|WikiProject Film||(Rated Start-class)|
What about http://www.imdb.com/title/tt0094593/
I'm a bit confused why someone decided it was necessary to tag this article as "unreferenced." Perhaps you could explain what in particular you feel needs referencing? This article already contains six footnotes and seventeen external links. Do you feel we need to cite a source for saying Freaky Friday or The Hot Chick contain a body swap scene? I respectfully beg to differ with you in that I think this article is already adequately referenced. Perhaps you could explain on this talk page what, specifically, contributors can do to fix this perceived deficiency. Thanks! 184.108.40.206 17:07, 14 April 2007 (UTC)
- Added a slew of in-article citations and cited six general references in a new section at the bottom. Removed the "unreferenced" tag. If you add "unreferenced" back to this article, please use the talk page and give us some specifics as to why you're tagging the article. Contributors: please cite your sources when adding new material. Thanks! 220.127.116.11 14:47, 19 April 2007 (UTC)
- Just a note that Mulholland Drive is included in the list of media, but doesn't actually feature any instances of body swapping; the renaming of characters is implied to be dream-related, not actually changing names. —Preceding unsigned comment added by 18.104.22.168 (talk) 21:43, 3 September 2008 (UTC)
Appearances in media
- So. Why do you (JBSupreme) or anyone else feel the article is better without the "list of works that feature body swapping"? The article is pretty much entirely about premise of "body swapping" as used in many a fictional work, and I feel having a list of works that feature said premise makes for a more informative article than an article that omits them.
- It's not like the list is a huge digression from the article's core topic, as some "in popular culture" lists are; in this case, the list is utterly relevant to the core topic.
- So, aside from the "argh I hate long pop culture lists" reaction, what's the rationale for removing this list from this article?--Father Goose (talk) 07:46, 14 January 2010 (UTC)
- In the past I've directed your attention to WP:PSTS (part of NOR), which explains that as long as a primary source is used to make descriptive claims only about the contents of said primary source, then it's not considered original research. Further, the "source" of the information is implicit as long as the specific work is identified, so a citation is redundant.
- As for it being trivia -- this isn't a case of "this word was said once in work x" -- it's a list of fictional works that are specifically based on the fiction premise that is the subject of this article. In that respect, each entry has direct (if limited) importance to the subject of the article, and the list as a whole, quite substantial importance. Somebody looking for information on the subject of "body swapping" will find more of it in the article with the list than without. I've seen lists like this used by journalists, for instance, who appreciate that we have already "done the research" for them. See for instance this article, which cites our Anti-Barney humor article.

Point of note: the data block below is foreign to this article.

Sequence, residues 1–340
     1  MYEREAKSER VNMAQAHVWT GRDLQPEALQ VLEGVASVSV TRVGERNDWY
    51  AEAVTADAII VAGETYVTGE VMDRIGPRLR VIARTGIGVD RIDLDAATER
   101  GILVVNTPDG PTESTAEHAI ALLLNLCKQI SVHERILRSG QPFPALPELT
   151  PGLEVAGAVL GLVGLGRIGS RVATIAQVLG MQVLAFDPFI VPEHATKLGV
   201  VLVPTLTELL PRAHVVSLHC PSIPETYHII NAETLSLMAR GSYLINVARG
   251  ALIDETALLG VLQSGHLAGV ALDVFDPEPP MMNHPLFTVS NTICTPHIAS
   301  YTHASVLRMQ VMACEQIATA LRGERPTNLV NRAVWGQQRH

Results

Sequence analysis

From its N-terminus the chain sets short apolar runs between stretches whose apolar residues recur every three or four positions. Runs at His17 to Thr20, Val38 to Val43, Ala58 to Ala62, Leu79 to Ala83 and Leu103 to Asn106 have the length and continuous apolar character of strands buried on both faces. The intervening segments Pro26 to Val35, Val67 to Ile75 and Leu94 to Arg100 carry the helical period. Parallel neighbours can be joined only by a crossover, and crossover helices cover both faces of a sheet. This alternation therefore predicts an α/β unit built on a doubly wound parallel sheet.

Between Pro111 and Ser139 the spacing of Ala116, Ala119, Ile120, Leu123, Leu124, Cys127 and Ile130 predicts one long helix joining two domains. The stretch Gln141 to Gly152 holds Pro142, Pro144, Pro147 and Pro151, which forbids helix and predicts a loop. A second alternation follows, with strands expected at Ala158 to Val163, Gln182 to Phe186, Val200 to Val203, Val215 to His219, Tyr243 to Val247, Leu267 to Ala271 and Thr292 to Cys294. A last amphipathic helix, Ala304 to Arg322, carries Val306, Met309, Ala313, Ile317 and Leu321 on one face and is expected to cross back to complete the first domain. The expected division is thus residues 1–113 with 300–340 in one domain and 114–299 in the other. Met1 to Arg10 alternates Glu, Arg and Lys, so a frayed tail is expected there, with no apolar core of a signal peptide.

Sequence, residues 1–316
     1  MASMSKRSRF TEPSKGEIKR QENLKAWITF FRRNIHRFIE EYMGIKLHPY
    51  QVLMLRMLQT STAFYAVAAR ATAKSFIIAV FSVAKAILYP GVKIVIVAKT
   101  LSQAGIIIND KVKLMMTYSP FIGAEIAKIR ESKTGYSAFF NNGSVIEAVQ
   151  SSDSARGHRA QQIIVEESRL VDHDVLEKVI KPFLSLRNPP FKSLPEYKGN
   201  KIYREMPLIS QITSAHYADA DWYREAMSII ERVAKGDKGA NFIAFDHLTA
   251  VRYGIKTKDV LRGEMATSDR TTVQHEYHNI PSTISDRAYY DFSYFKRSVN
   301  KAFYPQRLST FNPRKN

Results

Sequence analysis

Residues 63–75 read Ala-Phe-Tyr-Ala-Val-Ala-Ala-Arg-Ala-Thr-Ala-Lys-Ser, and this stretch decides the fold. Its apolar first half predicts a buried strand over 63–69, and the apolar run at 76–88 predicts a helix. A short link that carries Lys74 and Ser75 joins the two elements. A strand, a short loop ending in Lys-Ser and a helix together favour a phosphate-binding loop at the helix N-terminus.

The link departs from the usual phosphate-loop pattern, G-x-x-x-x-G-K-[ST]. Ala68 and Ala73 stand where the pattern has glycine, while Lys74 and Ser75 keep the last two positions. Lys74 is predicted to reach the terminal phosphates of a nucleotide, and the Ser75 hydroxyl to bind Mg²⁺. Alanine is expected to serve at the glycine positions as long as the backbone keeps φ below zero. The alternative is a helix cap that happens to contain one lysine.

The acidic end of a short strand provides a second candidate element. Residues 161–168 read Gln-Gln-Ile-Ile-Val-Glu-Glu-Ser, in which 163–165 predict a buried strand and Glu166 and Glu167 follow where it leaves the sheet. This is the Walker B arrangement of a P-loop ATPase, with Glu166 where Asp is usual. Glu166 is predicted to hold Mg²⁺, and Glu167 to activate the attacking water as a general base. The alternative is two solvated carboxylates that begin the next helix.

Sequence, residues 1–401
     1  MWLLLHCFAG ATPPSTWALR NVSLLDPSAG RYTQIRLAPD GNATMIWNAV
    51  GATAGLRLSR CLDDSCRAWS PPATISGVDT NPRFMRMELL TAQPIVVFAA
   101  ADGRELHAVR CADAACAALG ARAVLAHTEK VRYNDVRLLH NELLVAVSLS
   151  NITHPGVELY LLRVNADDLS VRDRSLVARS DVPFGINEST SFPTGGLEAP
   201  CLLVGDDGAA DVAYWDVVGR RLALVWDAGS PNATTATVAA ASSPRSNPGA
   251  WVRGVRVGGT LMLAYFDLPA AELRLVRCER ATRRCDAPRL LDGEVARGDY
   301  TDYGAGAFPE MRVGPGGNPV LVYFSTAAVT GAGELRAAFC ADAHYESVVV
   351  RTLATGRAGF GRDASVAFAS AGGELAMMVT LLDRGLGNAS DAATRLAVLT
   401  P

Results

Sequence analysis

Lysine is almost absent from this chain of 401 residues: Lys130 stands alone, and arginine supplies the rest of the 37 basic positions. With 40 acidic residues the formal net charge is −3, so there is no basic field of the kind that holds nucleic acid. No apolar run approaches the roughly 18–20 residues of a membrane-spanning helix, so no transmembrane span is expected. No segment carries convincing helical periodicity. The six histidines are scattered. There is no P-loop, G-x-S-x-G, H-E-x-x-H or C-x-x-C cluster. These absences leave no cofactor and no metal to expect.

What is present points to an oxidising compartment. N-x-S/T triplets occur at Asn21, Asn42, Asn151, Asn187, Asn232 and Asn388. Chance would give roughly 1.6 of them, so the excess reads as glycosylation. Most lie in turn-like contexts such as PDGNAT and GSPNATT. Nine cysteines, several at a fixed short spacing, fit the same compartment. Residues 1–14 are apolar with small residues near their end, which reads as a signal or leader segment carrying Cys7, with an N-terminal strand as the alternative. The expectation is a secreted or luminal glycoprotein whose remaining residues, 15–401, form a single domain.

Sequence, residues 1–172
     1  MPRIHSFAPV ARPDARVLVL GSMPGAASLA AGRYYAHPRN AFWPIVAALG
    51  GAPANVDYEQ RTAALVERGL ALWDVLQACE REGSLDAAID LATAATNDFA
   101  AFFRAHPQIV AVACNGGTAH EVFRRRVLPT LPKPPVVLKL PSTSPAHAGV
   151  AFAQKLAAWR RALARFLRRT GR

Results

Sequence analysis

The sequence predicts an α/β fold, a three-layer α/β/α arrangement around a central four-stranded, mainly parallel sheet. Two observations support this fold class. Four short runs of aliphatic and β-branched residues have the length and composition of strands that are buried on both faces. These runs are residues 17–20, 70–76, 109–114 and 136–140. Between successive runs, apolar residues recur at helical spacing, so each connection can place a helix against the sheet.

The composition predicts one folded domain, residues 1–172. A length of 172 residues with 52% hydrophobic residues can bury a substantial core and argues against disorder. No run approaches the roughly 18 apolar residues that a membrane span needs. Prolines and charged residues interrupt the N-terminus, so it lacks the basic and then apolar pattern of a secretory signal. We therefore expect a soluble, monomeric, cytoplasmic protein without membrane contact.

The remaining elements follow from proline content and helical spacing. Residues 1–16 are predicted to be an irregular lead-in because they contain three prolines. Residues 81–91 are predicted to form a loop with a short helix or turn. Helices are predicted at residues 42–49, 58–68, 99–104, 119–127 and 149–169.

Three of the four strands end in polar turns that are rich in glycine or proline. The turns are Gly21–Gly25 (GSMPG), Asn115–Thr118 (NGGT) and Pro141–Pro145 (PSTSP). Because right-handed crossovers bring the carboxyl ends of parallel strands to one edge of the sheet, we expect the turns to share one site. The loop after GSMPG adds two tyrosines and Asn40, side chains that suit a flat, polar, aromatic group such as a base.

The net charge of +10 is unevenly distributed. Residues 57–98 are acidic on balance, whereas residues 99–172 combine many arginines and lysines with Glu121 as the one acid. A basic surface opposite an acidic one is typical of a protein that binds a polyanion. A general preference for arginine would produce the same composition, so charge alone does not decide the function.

- If the list were several times larger, I'd agree with cutting it back to "only the most prominent" examples, but at its present size, it's not exceeding our recommendations on article size, and rather than "aping" the article, it serves as a supplement to the prose.--Father Goose (talk) 18:54, 14 January 2010 (UTC)
- I don't think it's giving undue weight to an aspect of the topic, because the list quite directly relates to the topic itself.
- If we spin the list off into its own article, it would probably be deleted at AfD. This entire article, even without the list, could potentially be deleted, due to its shit sourcing and writing. The only part of it I happen to think is not OR is the list. That said, "body swapping" is clearly a notable fiction premise. But these kinds of articles tend to be hard to source, and WP:N is a guillotine.
- I've trimmed this list from the main article to works that have the swap as its central premise. The other list can detail all the TV episodes that have it. You should be able to establish notability on the lists based on its promotions ("a body-swapping comedy") and/or article reviews. -AngusWOOF (talk) 05:46, 2 October 2013 (UTC)
"Appearances in media" section
This should all be wikipedia and no imdb.
I removed these from the front list as they seem like more like possessions and incarnations rather than a swap. The main character takes over the body without any note about what happens to the target person. -AngusWOOF (talk) 05:12, 2 October 2013 (UTC)
- Naruto - Orochimaru switches bodies every three years.[disputed ]
- Transmigration by J. T. McIntosh[disputed ]
- Angel Sanctuary - Setsuna and Alexiel in volumes 8-11.[disputed ]
- Under the Skin - You have to change body in body with disguise, to Completed goals.
- Quantum Leap — Doctor Sam Beckett jumps into the lives of various people.[disputed ]
- Fullmetal Alchemist — Dante has lived for hundreds of years by continually switching bodies with others.
- Castle Roogna in Piers Anthony's Xanth series - Dor travels into the past and inhabits the body of a barbarian.[disputed ]
Reference article on body swapping
Philosophy of Horror
Encyclopedia of Fantasy - Identity Exchange